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Eastern students address problem gambling

Campus Correspondent

Published: Thursday, April 29, 2010

Updated: Friday, August 23, 2013 16:08

Eastern

MARCEL DUFRESNE/The Daily Campus

ECSU junior Amy Gorman collects signatures last week on a petition supporting a federal bill aiming to increase federal funding for the prevention and treatment of problem gambling.

When five social work students from Eastern Connecticut State University began an awareness campaign this spring about problem gambling, they soon learned that most students – themselves included – knew little about it.

"I used to think, ‘If you have a problem gambling, then that's your problem,'" said Amon Gitau, a junior and member of the college's Problem Gambling Awareness Task Group. "But I've learned so much."

The group is the first of its kind at ECSU that directly addresses problem gambling.
Both UConn and ECSU are an easy drive to the state's two large casinos. At UConn, services and programs have been slow to keep pace with the growth of gambling.

The students' work, part of a junior-year project, culminated in ECSU declaring April "Problem Gambling Awareness Month." Other events they organized were an awareness cookout, a panel discussion of recovering gamblers, a radio appearance and residence hall events.

The students are also gathering signatures on a petition supporting a bill to increase federal funding for the research, recognition and treatment of problem gambling.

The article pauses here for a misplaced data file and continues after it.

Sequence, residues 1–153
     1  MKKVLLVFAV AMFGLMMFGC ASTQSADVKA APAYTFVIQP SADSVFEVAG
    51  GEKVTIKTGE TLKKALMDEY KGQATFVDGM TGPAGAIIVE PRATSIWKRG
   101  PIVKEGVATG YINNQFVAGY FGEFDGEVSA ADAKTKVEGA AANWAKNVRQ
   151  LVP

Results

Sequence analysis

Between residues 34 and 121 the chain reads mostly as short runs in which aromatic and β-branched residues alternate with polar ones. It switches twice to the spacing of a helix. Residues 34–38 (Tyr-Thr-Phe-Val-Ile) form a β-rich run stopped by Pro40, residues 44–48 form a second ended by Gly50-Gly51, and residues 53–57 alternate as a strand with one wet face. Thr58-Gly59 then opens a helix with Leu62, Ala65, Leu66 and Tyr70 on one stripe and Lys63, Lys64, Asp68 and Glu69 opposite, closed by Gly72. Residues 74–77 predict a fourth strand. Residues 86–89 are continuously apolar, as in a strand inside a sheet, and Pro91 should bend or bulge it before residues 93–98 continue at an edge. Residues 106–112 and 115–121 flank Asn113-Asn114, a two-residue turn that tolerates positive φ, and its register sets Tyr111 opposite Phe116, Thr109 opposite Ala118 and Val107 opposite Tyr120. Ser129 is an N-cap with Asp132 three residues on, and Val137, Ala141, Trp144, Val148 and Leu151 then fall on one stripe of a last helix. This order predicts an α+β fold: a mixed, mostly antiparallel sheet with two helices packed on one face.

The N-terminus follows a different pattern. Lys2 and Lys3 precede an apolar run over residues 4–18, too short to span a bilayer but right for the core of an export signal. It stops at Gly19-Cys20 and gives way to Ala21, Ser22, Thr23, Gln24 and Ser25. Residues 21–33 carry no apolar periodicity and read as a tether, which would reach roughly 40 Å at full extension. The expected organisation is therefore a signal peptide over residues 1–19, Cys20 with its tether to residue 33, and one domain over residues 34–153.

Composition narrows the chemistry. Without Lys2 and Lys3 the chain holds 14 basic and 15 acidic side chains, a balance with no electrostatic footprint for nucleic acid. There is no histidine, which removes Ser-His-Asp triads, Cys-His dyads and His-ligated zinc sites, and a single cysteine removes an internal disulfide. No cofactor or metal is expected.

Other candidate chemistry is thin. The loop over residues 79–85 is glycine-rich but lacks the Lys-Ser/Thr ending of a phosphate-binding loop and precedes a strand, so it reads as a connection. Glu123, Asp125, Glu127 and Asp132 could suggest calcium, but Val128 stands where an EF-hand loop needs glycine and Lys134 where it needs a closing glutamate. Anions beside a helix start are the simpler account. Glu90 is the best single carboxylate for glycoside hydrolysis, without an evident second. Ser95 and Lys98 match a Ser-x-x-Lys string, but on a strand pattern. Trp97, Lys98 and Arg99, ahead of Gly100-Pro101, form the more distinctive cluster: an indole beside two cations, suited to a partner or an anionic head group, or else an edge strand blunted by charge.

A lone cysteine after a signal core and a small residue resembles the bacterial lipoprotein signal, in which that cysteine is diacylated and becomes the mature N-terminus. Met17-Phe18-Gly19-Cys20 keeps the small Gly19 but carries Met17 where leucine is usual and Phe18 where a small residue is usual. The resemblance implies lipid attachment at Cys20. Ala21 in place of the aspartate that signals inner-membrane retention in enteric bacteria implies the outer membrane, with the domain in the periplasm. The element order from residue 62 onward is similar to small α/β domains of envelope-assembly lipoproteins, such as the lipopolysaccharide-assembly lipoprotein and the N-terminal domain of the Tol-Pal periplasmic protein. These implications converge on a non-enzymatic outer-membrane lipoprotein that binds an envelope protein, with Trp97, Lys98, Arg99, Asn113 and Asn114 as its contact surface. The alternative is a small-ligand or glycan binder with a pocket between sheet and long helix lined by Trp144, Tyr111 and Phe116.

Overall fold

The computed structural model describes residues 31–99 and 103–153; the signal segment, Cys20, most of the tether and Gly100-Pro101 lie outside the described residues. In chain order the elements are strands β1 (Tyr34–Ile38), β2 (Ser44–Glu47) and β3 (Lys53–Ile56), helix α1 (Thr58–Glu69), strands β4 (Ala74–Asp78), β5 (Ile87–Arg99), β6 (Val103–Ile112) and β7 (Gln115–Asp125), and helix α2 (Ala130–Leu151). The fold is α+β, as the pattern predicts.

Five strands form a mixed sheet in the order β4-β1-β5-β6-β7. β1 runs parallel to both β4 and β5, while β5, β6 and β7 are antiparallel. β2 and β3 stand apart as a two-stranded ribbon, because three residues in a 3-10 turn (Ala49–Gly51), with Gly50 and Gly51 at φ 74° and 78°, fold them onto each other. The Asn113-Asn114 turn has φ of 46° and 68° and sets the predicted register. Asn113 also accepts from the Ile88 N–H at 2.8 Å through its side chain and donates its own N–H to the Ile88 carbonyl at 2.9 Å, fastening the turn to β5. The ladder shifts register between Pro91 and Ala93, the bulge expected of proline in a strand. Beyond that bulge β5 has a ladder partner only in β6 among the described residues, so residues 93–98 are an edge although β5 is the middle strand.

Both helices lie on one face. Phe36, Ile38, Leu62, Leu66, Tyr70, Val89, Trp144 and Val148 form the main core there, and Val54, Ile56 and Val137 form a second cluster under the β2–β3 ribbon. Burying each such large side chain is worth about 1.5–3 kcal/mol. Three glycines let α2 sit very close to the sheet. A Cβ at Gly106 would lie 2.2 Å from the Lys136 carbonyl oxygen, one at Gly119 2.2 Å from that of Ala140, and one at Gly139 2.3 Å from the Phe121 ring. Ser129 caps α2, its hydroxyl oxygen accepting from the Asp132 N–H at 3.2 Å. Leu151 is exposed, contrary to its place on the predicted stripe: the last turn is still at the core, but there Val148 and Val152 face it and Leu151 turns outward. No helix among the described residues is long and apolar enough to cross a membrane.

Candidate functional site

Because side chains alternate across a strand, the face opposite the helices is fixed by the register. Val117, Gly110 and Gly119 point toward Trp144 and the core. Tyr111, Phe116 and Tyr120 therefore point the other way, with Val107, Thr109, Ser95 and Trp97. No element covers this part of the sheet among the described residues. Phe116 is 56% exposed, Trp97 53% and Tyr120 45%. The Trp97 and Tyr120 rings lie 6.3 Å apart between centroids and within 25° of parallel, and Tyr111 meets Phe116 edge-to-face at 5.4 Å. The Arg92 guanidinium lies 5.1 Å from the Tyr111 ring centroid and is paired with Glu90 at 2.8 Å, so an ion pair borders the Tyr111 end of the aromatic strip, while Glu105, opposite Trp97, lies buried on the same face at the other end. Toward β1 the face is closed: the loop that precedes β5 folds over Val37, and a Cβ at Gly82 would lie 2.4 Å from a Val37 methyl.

Of all the activities, the panel featuring recovering gamblers who spoke about their addiction and recovery made the biggest impression on ESCU students, task force members said.

"Many students were shocked that it can cause so much damage," said Amy Gorman, a junior. "I'd never thought about gambling on a spectrum before. You can be a recreational gambler, but it can quickly develop into a problem or pathological gambler."

"It's a disease," Gitau said. "There's not a lot of resources out there, so it's not seen as a problem."

Gorman also said many students seemed surprised that activities such as birthday visits to the casino, scratch tickets and the lottery qualified as actual gambling.

"One of the reasons the group started is because college students are at such a high risk," she said. "Within 50 miles of a casino, you're more likely to develop a problem. We're a vulnerable population."

The task force has the support of ECSU's Office of Wellness Promotion, a grant from the Connecticut Council on Problem Gambling and the guidance of Professor Thomas Broffman, an assistant professor of sociology and social work at ECSU.

Both Gorman and Gitau see the task force continuing in the hands of future social work students.

The bill students are supporting, called the Comprehensive Problem Gambling Act of 2009, would amend the Public Health Service Act to recognize problem and pathological gambling in national substance abuse and mental health resources. Amending the act would also create a national program to address the consequences of problem gambling.

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